Marty Gobin, Special to The Windsor Star
Published: Wednesday, July 23, 2008
In a recent Windsor Star article (“Cops see spike in number of crime-fighting do-gooders,” June 25), it was reported that there has been a rise in private citizens defending themselves or others against criminals.
Whether it was a veterinarian fighting an armed robber off with a garbage can, or a bystander chasing a violent mugger who beat a man for his prescription medications, it is clear that Canadians are responsible enough to use defensive force in a reasonable and legal fashion.
That said, it’s time that Canadians be permitted to carry weapons for defence against criminals.
This wouldn’t be such a drastic change in law. It’s already legal under Section 34 of the Criminal Code for Canadians to use necessary force to protect their life, up to and including the use of deadly force.
It’s also legal to own a firearm.
Canada even has a permitting process in place for people to carry firearms at the discretion of their provincial Chief Firearms Officer (CFO). [But, unless the CFO is your drinking buddy, good f*&%ing luck getting one -Dennis]
The only thing Canada would have to do to enable Canadians to better protect themselves is change the issuing process for an Authorization to Carry (ATC) from “may-issue”– a permit issued at the discretion of the CFO –to “shall-issue,” a permit which must be issued to anybody who meets clearly defined, reasonable training and background check requirements.
Such a change in the ATC-issuing process would make it more accountable, in that the CFO would have no arbitrary authority to withhold or grant the right to defend oneself. That kind of authority should never be held by any one office.
The change would also ensure that every similarly qualified and screened Canadian has an equal right under the law to defend themselves, their families, and their neighbors, regardless of whether they have any political ties that would grease the wheels for a carry permit.
Now, some of the more sensationalist politicos out there may suggest that allowing Canadians the suitable means to defend themselves would result in shootouts every day in the streets at high noon. 🙄
This kind of Chicken Little approach to the right of one to preserve his or her own life has been proven wrong time and time again south of the border. Michigan switched from “may issue” to “shall issue” permits in 2002, and yet thousands of Canadians manage to travel across the border daily without witnessing any bloodshed.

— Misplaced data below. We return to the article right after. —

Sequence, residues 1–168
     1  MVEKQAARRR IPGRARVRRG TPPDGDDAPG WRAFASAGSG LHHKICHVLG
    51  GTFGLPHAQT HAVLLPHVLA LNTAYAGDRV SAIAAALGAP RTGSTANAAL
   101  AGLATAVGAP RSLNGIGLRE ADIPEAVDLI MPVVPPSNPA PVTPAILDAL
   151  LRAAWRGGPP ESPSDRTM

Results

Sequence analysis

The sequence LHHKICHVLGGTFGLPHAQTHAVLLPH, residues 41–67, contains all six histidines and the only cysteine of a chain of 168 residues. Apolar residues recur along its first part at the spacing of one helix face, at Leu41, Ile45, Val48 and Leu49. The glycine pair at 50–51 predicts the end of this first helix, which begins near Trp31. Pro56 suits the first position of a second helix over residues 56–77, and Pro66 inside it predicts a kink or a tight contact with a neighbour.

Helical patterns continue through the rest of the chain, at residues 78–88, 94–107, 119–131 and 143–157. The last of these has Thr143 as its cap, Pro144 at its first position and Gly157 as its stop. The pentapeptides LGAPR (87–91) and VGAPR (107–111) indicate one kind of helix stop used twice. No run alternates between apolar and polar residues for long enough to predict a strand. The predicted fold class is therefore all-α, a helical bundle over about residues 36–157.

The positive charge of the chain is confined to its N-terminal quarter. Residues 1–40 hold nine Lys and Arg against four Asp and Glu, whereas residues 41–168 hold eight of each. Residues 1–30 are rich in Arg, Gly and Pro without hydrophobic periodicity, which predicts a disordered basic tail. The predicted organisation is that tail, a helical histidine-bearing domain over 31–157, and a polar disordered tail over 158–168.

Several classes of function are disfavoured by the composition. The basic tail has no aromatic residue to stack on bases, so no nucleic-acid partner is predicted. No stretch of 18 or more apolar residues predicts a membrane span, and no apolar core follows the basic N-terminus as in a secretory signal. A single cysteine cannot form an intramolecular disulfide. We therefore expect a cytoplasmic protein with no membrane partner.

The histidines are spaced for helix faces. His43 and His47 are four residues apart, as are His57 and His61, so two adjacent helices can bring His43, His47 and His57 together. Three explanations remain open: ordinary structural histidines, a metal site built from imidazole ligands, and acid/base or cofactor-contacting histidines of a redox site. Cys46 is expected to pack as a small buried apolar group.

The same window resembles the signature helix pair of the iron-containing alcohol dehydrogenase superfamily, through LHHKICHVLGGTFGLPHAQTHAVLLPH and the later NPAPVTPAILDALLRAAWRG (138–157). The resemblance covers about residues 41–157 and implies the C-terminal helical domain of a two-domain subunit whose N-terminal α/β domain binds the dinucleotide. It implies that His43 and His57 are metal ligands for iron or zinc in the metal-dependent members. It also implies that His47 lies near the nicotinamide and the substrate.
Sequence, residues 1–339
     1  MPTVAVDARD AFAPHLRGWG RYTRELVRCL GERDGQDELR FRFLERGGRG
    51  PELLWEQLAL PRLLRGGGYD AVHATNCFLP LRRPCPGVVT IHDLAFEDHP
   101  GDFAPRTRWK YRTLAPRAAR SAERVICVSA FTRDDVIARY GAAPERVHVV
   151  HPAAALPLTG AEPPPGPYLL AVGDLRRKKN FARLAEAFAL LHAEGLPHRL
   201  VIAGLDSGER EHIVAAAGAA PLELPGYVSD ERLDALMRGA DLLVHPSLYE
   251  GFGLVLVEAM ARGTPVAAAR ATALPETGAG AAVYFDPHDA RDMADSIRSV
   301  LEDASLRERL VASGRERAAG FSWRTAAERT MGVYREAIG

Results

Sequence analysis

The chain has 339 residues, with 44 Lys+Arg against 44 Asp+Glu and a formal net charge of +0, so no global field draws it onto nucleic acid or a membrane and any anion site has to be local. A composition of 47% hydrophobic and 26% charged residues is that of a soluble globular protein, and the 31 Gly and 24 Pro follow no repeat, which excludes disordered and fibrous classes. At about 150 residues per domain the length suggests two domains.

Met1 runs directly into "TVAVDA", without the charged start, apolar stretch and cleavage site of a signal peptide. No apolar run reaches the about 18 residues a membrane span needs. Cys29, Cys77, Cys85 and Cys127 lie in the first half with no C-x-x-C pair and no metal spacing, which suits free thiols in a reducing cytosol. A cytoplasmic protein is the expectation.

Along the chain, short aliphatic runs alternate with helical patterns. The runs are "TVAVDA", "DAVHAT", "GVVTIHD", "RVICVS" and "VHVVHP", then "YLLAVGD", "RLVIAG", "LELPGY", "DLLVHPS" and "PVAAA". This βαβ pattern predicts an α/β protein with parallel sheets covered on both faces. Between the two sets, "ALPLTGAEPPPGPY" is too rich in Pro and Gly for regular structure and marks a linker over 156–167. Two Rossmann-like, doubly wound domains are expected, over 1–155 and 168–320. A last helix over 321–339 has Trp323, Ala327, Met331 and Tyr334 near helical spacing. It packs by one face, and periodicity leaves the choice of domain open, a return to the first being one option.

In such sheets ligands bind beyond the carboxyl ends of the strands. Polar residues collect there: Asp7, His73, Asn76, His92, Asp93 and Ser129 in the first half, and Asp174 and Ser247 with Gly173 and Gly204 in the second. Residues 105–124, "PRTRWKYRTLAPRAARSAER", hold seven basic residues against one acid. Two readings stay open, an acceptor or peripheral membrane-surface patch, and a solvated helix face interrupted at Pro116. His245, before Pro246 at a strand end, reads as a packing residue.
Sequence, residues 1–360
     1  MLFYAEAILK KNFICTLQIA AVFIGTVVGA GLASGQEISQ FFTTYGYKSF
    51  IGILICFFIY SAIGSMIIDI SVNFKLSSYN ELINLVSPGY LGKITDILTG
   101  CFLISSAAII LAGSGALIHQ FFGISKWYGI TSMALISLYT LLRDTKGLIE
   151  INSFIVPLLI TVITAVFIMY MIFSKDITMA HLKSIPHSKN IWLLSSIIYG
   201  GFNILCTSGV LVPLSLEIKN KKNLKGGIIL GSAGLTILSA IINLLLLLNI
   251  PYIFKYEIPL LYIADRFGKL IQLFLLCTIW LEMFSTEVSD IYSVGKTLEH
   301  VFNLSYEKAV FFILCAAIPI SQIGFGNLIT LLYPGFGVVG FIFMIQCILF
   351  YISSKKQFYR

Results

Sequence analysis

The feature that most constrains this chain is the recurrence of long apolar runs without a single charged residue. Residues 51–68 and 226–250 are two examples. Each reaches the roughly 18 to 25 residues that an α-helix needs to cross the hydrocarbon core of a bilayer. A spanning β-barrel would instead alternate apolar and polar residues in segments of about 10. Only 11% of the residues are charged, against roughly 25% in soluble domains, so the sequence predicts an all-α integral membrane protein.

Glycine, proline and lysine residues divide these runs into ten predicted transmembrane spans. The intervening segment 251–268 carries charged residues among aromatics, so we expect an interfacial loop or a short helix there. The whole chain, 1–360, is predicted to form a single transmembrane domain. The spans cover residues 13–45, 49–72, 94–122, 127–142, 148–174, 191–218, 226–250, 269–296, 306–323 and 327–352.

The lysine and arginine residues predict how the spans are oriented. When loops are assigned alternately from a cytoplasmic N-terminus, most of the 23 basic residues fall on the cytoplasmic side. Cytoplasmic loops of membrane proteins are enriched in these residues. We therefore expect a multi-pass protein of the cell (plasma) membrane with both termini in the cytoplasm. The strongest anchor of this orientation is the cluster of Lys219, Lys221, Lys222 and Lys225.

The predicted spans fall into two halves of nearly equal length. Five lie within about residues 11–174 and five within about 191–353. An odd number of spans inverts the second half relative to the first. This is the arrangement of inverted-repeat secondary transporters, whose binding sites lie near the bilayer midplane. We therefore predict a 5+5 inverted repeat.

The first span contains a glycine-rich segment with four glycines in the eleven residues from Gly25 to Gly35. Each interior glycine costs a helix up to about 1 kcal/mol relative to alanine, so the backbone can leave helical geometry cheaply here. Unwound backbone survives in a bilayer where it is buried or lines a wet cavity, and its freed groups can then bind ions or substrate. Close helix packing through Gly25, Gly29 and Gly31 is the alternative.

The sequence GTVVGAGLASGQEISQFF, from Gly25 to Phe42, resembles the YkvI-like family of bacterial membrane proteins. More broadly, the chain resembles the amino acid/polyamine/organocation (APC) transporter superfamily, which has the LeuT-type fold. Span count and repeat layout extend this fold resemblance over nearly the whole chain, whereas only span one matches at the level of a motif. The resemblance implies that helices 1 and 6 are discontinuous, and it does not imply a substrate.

Vermont, which has no laws regulating the possession or carrying of arms by non-criminal adults, has the third lowest violent crime rate per capita in the USA. (In fairness, that could be accredited to the similarly lax regulation of public nudity in the state combined with the aging baby boomer population scaring off all of the potential muggers.)
Overall, over thirty states have gone the route of shall-issue permits since the early nineties, and none have seen fit to go back to the days of may-issue. The U.S. experiment has shown that there would be no bloodbath resulting from Canadians being allowed to protect their lives.
Not only has there been no public safety crisis as the result of Americans being able to pack heat, but there have actually been numerous potentially large-scale massacres stopped in progress by those authorized to carry a weapon. [YO! Miller! Pay attention, dipshit! -Dennis]
In 2002, a shooter on a rampage at the Appalachian School of Law in Virginia was stopped after not one, but two students in different locations heard his shots and retrieved their weapons from their cars, returned, and placed him under arrest until the police arrived.
In February 2007, an off-duty out-of-area police officer who was carrying his weapon at the Trolley Square mall in Salt Lake City managed to keep an armed madman under fire until Salt Lake City police officers arrived to assist.
This last December, an armed man went to the New Life Church in Colorado after having left a suicide note saying he intended to kill as many people as possible.
He only managed to kill two people at the church before a parishioner shot him.
One can only imagine how these massacres would have turned out, if, like Canada, off-duty police and private citizens were not allowed to carry guns for self-defence. Certainly the murderers in each case, who were intent on committing capital crimes, would be unlikely to care whether or not any law forbade them from carrying a gun.
Both the American example and the recent case of Canadians defending themselves and others in a responsible fashion have proven that private citizens and should be trusted to carry arms without any resulting chaos.
Hopefully our legislators will, in the near future, acknowledge that Canadians have the right to defend themselves guaranteed by the Criminal Code, and modify our weapons laws so that we may have a realistic chance of exercising that right.
Marty Gobin is communications director, Ontario Libertarian Party Member, Canadian Shooting Sports Association in Whitby, Ont.